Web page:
Mount Seorak River, South Korea - Michael Kim

A few years ago, when I was young, my family took me on a camping trip to Seorak Mountain in South Korea. We were hiking up the mountain and I, being the little seven-year-old boy I was back then, was fascinated with everything I saw: the abundance of trees, the colour of the leaves, the plants and insects that lived there; everything seemed so fresh and so exciting it’s hard to describe the amazement that I felt. After hiking into the mountain for a while, we finally decided on a place to set up our camp and rest. Even though I was tired, my curiosity and amazement got the better of me and I began my own little trip of exploration around the area (I say “trip”, but it was really just a couple of meters away from the camp since my parents wouldn’t let me wander any further).
Near our campsite, I noticed a stream of flowing water that immediately caught my attention, and so of course, I went to investigate. The stream was very shallow and didn’t seem like there were many fish in it like I was hoping for, but there was this one part of the stream that was large enough for tadpoles to reside in. In that part of the stream I saw a lot of small, dark-coloured tadpoles swimming and jumping around inside the water and on the rocks. Needless to say, these little creatures immediately had my focused attention. Beaming with interest and curiosity, I reached out and held one of the tadpoles in a cup with my hands. It felt a little ticklish in my palms, but at the same time, it was an amazing feeling holding the little tadpole and watching it swim around in circles and circles. I don’t really know why, but I really had the urge to keep one of these tadpoles at my house; except I knew that my parents would never allow it. So, I snuck a few of the tadpoles into my water bottle and successively brought them home without my parents noticing.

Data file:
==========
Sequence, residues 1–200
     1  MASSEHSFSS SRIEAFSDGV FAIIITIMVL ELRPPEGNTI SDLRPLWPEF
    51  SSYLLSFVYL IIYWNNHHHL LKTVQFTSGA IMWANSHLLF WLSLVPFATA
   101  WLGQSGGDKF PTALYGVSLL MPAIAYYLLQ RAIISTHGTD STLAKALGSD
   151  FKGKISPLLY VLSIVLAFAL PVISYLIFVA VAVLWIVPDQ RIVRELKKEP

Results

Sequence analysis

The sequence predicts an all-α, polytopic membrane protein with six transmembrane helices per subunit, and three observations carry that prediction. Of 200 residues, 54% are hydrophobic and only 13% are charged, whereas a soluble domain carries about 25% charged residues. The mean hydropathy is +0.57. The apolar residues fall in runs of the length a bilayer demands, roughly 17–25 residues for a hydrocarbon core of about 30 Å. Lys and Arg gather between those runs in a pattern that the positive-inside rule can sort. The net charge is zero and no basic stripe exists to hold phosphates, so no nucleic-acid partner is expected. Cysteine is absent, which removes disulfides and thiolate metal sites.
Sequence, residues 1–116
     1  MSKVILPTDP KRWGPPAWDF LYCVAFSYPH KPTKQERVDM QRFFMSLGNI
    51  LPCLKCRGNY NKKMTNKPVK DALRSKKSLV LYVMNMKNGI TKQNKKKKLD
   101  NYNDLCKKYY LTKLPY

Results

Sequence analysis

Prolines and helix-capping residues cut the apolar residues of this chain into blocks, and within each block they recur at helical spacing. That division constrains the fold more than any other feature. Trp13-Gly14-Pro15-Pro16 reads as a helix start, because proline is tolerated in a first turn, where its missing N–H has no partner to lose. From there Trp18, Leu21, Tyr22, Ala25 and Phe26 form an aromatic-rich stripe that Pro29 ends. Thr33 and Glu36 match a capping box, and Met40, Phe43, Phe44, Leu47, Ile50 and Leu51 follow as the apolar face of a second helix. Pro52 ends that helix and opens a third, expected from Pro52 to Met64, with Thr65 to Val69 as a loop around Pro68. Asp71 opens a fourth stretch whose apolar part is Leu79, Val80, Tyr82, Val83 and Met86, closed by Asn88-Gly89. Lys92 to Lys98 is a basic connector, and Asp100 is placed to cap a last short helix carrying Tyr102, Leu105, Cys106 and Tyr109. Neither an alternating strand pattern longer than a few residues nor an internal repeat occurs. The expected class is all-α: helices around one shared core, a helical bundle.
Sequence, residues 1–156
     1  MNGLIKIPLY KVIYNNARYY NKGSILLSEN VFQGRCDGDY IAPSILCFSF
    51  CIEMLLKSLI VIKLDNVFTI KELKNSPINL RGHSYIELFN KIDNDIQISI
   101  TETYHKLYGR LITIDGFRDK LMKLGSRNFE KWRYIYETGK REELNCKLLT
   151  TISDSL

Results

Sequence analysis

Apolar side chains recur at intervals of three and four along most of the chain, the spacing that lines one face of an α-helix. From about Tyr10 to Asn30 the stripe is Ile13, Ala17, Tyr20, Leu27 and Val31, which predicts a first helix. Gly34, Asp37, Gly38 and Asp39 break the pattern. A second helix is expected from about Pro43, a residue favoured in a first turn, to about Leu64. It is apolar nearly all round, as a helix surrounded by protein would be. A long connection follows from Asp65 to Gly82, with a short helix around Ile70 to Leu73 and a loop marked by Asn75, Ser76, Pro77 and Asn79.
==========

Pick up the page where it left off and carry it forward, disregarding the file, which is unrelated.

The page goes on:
My retrieval success didn’t last long, however, and my parents quickly found out what I had taken back with me. As expected, they were infuriated and immediately insisted that I got rid of them. Even though I tried my best to persuade my parents to let me keep them, my pleas were to no avail and alas, I was forced to part with these new found friends of mine. After that, I remember pouring my water bottle into the drain in my backyard while sniffling and crying miserably. Thinking back on it now, it really is a funny and dumb story, but it’s something that I’ve remembered all this time and is a memory of a great connective bond that I shared with nature.

Po Brady Li
Michael Kim

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